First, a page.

The Sir Michael Howard Centre has been particularly busy over the last year and there is every indication that 2018 will be just as busy and exciting for the cohort of historians of war at King’s College London! The Centre has just hosted its annual lecture, with over 70 people in attendance. Professor Jo Cox spoke about ‘Sharks in the Channel and Lions on the Loose: Rumour and the Second World War’.
The Centre is hosting or co-hosting five conferences and/or workshops this year. These range in scope from the early 20thC to very recent history, and the topics will appeal to a broad range of historians.
On 23 April 2018, there is the first Joint KCL/Oxford History of War Conference. The event aims to bring together postgraduate research students working at King’s College London and the University of Oxford in order to provide a forum for the exchange of ideas or work in progress, and foster new connections and exchanges between the two institutions. Queries to firstname.lastname@example.org
The Second World War Research Group conference is on 14-15 June, at the Strand campus, and the theme is ‘The Peoples’ Wars? The Second World War in Socio-Political Perspective’. Among the themes being addressed are resistance in eastern Europe, China under occupation, German and Italian counter-insurgency, propaganda in Allied countries, women in the front line, and pacifism. The Keynote speakers are Prof Nicholas Stargardt (Oxford) and Dr Daniel Todman (Queen Mary). Queries to: Alex Wilson: email@example.com.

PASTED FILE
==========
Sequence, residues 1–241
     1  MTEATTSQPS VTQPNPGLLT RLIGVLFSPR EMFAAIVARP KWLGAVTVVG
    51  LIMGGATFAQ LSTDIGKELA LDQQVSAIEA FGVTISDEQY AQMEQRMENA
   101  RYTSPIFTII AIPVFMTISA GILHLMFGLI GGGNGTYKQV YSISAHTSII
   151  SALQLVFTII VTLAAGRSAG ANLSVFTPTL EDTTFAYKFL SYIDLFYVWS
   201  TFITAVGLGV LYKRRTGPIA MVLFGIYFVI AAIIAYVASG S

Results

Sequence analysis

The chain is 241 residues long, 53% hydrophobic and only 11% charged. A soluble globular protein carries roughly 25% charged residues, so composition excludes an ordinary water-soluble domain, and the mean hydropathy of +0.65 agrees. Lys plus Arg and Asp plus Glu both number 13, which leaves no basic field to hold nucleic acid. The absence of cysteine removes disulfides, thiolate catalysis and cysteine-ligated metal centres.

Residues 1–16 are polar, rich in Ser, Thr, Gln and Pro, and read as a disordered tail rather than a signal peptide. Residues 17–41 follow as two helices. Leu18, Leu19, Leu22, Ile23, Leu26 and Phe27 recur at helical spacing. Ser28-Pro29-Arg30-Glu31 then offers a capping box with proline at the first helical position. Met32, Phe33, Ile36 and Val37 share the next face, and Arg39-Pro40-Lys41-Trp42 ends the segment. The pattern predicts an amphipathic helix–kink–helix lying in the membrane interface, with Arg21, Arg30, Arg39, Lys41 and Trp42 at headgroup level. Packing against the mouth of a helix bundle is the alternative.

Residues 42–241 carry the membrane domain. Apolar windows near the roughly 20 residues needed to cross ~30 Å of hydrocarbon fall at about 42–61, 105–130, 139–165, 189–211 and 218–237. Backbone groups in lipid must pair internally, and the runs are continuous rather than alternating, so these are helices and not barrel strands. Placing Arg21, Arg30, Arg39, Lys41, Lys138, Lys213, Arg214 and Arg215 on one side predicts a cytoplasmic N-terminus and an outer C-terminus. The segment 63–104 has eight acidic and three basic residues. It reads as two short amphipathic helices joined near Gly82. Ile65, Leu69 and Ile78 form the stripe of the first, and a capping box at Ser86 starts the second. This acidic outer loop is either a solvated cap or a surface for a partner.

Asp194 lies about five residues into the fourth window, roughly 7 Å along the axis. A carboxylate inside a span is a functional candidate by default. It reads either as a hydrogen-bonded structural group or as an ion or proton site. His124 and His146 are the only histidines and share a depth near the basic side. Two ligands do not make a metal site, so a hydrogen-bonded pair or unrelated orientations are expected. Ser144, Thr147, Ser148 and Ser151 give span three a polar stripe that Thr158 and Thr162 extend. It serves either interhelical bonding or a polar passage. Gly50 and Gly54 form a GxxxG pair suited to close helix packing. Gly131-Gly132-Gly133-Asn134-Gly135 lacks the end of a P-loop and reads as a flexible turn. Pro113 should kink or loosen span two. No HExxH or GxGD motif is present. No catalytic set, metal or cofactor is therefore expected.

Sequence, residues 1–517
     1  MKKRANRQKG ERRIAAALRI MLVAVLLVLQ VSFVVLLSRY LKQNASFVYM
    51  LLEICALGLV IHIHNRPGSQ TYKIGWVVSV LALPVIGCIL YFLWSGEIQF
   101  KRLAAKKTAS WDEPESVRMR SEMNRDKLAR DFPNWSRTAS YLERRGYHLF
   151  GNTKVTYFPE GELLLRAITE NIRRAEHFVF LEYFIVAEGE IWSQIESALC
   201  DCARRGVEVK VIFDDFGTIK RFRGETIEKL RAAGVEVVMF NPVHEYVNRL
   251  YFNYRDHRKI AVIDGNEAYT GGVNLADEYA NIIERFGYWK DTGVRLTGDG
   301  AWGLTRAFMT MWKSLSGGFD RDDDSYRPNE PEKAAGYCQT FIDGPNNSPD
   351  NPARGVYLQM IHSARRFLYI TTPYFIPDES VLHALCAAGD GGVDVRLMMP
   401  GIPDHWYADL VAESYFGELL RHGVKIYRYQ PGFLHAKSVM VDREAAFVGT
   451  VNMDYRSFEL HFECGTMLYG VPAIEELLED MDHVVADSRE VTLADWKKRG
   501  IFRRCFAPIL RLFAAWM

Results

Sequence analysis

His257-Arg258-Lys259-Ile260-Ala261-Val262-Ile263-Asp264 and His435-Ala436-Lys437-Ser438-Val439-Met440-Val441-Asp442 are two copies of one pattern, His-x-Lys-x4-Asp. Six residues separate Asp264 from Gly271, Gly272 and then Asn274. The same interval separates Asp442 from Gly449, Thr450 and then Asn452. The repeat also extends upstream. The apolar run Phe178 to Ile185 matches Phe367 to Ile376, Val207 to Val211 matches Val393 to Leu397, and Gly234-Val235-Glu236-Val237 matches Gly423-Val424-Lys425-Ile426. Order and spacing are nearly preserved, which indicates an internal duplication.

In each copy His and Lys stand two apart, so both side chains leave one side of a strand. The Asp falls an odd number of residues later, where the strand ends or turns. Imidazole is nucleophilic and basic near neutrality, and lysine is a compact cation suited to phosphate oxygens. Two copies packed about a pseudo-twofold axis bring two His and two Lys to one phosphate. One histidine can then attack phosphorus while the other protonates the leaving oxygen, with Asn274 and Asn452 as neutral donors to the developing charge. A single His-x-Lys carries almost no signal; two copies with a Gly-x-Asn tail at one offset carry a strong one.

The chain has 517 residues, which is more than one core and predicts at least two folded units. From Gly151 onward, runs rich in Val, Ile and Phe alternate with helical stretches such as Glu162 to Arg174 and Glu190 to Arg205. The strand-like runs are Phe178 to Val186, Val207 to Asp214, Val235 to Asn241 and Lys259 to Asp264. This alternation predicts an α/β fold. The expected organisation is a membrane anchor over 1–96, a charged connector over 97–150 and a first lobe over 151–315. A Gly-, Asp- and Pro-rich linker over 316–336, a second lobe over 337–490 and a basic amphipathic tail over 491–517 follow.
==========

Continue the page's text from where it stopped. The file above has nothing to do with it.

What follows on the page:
More information on the Second World War Research Group can be found on our website: https://www.swwresearch.com You can also follow us on Twitter@SWWresearch and like us on Facebook: https://www.facebook.com/SecondWorldWarResearchGroup
A few weeks later, on 26 June 2018, the SMHC is partnering with the Royal Military Academy, Sandhurst, and the Centre for Historical Analysis and Conflict Research, exploring ‘Applied History: The British Army and the Study of War’. The conference Keynotes are General Sir Nicholas Carter (Chief of the General Staff) and Professor Sir Lawrence Freedman (KCL). Queries to: Dr Jonathan Fennell: firstname.lastname@example.org